I would like to start by thanking everyone for taking the time to respond to my earlier post. I received good constructive criticism along with helpful ideas for the future. Also a lot of you took the opportunity to ask interesting questions, so since many of you wanted to see more Q&A, here goes…..
Noticed from the paper that you were in the pen today for the Major League game against the Yankees. Was this your first experience in that kind of environment, and does observing the major league version of the game as a participant serve as extra motivation for a guy like you?- Adam from Philly
I have been to 5 major league spring training games this season, and 2 last season. It is obviously a great honor to be asked to go up there, even if it is as a backup role.
During the third game, at Lakeland, we were losing to the tigers 3-0 in the 9th inning when the phone rang. The bullpen coach answered it and said, “Schwimer, if we tie or take the lead you are in the game.” We did not score and I did not pitch, but that didn’t mean my adrenaline wasn’t pumping. The next time I got a call to warm up was with 2 outs in the 7th inning vs the braves in Orlando. There were about 5 unlikely things that happened in that inning in order for me to get in the game. There was an error, a mile high fly ball that no one caught, a base hit off his leg, a hit batter, another base hit off his leg. I had thrown about 4 warm up pitches when they asked if I was ready, I said yes.
Truth be told, I could have walked straight into the game without any warm up pitches and been ready because my heart rate and adrenaline were racing. (Note: I love that feeling of excitement and anticipation). I came into the game with the bases loaded and 2 outs. In the middle of my warm up pitches, I almost had to stop because I thought I might be having a heart attack… semi kidding… After my warm ups and before toeing the rubber I said to myself, “ok, its time to let the big dog eat.” (Tin Cup) I say this to myself a lot before an inning starts . After my first two pitches were fastballs high and out of the zone, I walked around the mound cursing myself. Then, just before I stepped back on the rubber, I said to myself, “This is what I have been working for over the last 15 years, have fun and execute pitches.” (I will get into positive self talk later in the mailbag). I then threw a fastball for a strike. After 3 straight fastballs, I wanted to come with a 2-1 inside slider. Dane called for a fastball away, I shook off, he called inside fastball, I shook off, he called change up, I shook off. Finally, the batter called time. I am now thinking that the batter, Blanco, thinks I want to throw an off speed pitch because as I discussed in an entry last year, no one shakes off 4 times to throw a fastball. So I got back on the mound and Dane calls for a slider, I shake off, then he calls for a fastball, I say yes and Blanco fouls it off for strike 2. Now I know I have the at bat won, if I can throw a slider for a strike. The up and down, back leg slider is not an option because I’m betting a slider will freeze him. Dane calls for the backdoor slider, I execute the pitch and get the strike out looking. It took everything I had not to fist pump or scream at the top of my lungs. I had to remind myself that it’s a spring training game and we are losing 8-0.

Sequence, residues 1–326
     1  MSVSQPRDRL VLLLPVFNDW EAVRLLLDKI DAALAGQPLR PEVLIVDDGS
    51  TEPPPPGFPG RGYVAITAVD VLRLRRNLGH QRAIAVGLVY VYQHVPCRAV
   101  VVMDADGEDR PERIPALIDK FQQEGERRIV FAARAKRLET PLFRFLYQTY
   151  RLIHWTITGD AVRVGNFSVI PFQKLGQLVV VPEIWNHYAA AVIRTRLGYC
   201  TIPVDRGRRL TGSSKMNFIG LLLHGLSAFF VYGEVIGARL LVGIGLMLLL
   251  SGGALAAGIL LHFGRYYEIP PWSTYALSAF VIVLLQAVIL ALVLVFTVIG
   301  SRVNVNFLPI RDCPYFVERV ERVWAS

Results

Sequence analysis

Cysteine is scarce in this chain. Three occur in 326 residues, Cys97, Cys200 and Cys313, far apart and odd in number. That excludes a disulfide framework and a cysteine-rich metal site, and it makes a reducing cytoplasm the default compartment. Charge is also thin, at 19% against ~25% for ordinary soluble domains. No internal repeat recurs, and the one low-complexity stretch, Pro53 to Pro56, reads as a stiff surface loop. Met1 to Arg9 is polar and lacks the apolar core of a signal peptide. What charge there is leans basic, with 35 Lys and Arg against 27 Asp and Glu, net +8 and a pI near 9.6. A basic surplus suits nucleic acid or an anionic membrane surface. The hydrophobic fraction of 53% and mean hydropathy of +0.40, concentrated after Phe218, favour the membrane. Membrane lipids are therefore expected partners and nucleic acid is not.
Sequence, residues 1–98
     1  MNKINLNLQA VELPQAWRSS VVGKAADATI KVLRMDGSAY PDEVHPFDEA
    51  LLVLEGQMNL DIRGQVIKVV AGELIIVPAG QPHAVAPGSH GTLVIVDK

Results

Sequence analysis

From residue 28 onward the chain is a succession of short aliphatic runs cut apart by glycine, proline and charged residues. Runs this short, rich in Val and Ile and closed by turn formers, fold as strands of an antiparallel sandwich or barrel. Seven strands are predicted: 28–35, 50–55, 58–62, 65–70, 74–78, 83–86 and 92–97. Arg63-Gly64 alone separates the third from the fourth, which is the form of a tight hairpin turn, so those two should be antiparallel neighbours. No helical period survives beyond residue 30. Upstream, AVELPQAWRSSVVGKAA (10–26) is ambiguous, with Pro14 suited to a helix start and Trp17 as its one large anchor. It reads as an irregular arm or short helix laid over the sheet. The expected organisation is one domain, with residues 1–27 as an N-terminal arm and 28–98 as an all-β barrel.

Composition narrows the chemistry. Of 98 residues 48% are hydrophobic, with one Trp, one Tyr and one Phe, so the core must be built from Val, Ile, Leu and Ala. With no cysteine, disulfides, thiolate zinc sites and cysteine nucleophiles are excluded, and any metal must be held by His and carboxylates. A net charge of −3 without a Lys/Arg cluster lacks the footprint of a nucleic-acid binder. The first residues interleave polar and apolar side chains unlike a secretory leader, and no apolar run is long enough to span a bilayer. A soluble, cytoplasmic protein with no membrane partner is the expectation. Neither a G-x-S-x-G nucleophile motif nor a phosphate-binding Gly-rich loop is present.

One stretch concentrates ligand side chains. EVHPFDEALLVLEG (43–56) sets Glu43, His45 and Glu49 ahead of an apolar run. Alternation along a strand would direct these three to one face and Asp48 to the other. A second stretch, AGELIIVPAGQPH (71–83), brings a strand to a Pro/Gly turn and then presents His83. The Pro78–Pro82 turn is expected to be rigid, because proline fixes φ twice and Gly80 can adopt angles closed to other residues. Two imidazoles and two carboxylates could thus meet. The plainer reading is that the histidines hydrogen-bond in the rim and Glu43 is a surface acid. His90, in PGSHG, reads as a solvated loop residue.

Were there any good stories from your day at the big league game in Orlando?- Lenny, Clearwater
There are a lot of good stories, but the best had to be the day Baez had. Baez is a real friendly guy who takes the time to talk to the players that get called up for a game. But March 24th, 2010 was just not his day. In the bullpen during the first inning, some kid kept on asking Madson for his autograph, and Madson told him that he is sorry but he cannot sign during the game. The kid then looks at Baez and says, “hey coach, can you make an exception and let Madson sign this ball please?” Later in the game, I was sitting in between Baez and Madson and Madson stands up and jokingly says to me, “I hate sitting next to you because it makes me feel skinny.” I replied in a joking manner, “I hate sitting next to Baez because he makes me feel skinny.” I meant that in a complimentary way to Baez, because he has ridiculously strong legs, but it came out like I was calling him fat. So then Baez says, “First this kid calls me old by saying I am a coach, then this player calls me fat! It’s just not going to be my day.” Good thing he has a sense of humor. As described before, he had a very unlucky inning, and when I came back to the locker room after the game I told him that I take full responsibility for his unlucky outing. He looks at me and says, “No it’s not all your fault, only 40%.” (obviously kidding… I think)